If I like you less, does that mean I like you more?

I don’t know who or what I like anymore, since Facebook stole my dictionary. And now I’m wondering whether “like”-ing everything I read would actually devalue the currency of my good opinion. Like printing money, sort of. And vice-versa too, really. I mean, if you “like” my link or my post, I now ponder innumerable qualifying questions … How many “like” buttons has Nigel[endnote As it happens, I do have a Facebook friend of said forename. But, Nigel, if you chance to read this, rest assured you are not personally my intended reference point. It’s simply that you happen to share two syllables in common with my generic all-purpose hypothetical persona.] pressed today? Did he like them all as much? Or are some of his “like”s more equal than others?

So here’s my suggestion to Facebook’s cool bureaucratic dudes. They need to hire an actuary or two, to devise a formula to run on the server. The formula would generate a rating of the quality of each “like”. So, for instance, if Nigel’s “like”-ing history is such that he has already “like”d five links, four pictures and seven game high scores in the past twenty minutes, then my chest needn’t swell with too much pride when he “like”s my comment. That’s because his “like”, though not entirely insincere, has more of a mildly-better-than-a-mug-of-lukewarm-international-roast-instant-coffee kind of quality about it. If on the other hand, Nigel has only punched “like” on two other blog posts in the past two days, then I could rest secure in the thought that I sit well above at least an average flat white ristretto on his scale of life’s points of true meaning. That would be very helpful after a hard day.

This proposal is predicated on the assumption that the finite human spirit is capable of emotionally approving a restricted number of ideas daily. So, for instance, if you find my company rather flat this evening, you might consider the possibility that I’ve mentally dispensed my good opinion upon so many worthy thoughts today, that my affective capacity is at present reduced to a level equivalent to the physiological fortitude of a butter lettuce leaf on a 40° day.

I feel that if Facebook’s minions of power would smile kindly upon this my humble plea, the word “like” might remain a player of substance in modern English parlance for at least one more decade.

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Let’s get lexical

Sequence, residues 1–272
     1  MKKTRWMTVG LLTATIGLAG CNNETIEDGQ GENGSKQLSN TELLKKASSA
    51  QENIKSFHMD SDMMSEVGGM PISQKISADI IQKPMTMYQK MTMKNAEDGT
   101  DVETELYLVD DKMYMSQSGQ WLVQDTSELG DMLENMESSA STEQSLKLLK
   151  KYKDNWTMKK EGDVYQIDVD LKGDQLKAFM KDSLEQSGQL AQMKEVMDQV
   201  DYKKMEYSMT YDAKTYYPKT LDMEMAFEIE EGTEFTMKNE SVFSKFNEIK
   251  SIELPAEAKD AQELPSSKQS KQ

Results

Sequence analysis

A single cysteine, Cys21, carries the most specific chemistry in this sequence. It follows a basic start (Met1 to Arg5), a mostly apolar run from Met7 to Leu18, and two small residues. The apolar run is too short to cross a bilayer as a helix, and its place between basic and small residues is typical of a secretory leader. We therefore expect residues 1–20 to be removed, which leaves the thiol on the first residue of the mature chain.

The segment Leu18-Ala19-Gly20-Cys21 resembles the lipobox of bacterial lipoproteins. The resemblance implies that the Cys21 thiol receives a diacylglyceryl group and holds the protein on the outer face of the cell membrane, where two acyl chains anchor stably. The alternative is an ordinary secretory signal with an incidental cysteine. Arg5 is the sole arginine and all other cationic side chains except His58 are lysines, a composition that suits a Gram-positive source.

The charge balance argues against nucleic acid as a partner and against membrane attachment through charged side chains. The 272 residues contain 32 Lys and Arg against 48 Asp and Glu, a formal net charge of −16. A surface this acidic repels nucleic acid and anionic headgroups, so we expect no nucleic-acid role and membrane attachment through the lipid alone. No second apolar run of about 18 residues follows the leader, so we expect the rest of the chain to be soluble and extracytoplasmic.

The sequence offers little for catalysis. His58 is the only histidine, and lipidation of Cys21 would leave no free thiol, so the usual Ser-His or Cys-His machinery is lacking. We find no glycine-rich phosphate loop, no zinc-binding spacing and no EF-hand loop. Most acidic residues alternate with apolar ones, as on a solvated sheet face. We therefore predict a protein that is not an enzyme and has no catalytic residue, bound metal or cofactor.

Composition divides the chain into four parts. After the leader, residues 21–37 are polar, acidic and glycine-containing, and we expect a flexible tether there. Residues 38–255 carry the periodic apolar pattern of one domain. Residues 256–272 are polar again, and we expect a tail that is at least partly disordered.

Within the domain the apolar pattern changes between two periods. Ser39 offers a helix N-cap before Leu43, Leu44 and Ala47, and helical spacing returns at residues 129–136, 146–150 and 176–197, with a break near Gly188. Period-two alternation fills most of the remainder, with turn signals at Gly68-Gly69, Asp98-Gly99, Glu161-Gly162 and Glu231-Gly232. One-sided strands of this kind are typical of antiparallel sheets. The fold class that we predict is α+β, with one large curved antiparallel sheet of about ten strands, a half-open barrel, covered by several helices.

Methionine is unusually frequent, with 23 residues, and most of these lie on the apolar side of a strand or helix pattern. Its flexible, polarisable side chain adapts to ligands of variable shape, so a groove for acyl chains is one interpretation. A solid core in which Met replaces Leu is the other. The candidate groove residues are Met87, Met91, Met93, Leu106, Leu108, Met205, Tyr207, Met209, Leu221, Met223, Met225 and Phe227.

The lexical proficiencies of consultants Mercer are grossly under-utilised in merely serving the behavioural capabilities of educators at a single tertiary institution. National politics and news program ratings would lift immeasurably if such skills were harnessed by our Federal pollies now!  “Working families” is becoming decidedly tired. How about “vocationally productive nuclei” (VPNs)? We voters would be on the edge of our seats.

But the greatest need just now is surely in economic discourse. Mr Abbott and his loyal cadre would pay handsomely for a highly nuanced phrase to replace “great big new tax”. Something like “over-proportioned fiscal exaction” (OFE) would keep us all going for two electoral cycles at least. Both leaders are positively desperate for a cache of “electorally emollient synonyms” (EESs) for the toxic ’t’ word.  It can only be a matter of time before “levy” exhausts it’s soothing capacities. “Tariff”, “duty” and maybe even “excise” could last a few press conferences each, at a pinch.  Voter appeasement will then require a lexical skill only professionals can provide. My best attempt is “specific life-product utilisation grab” (SLUG). But what would I know?

Mercer, your country needs you!

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What language was that?

Now don’t come the raw prawn with us, Kev. “Programmatic specificity?” … Geez, mate, I sure hope the German pollies got that one. Just typing it into Google was nearly too much for me. Word of advice .. Just stick with shaking the sauce bottle and starving the lizards. We’ll know what’s up then.


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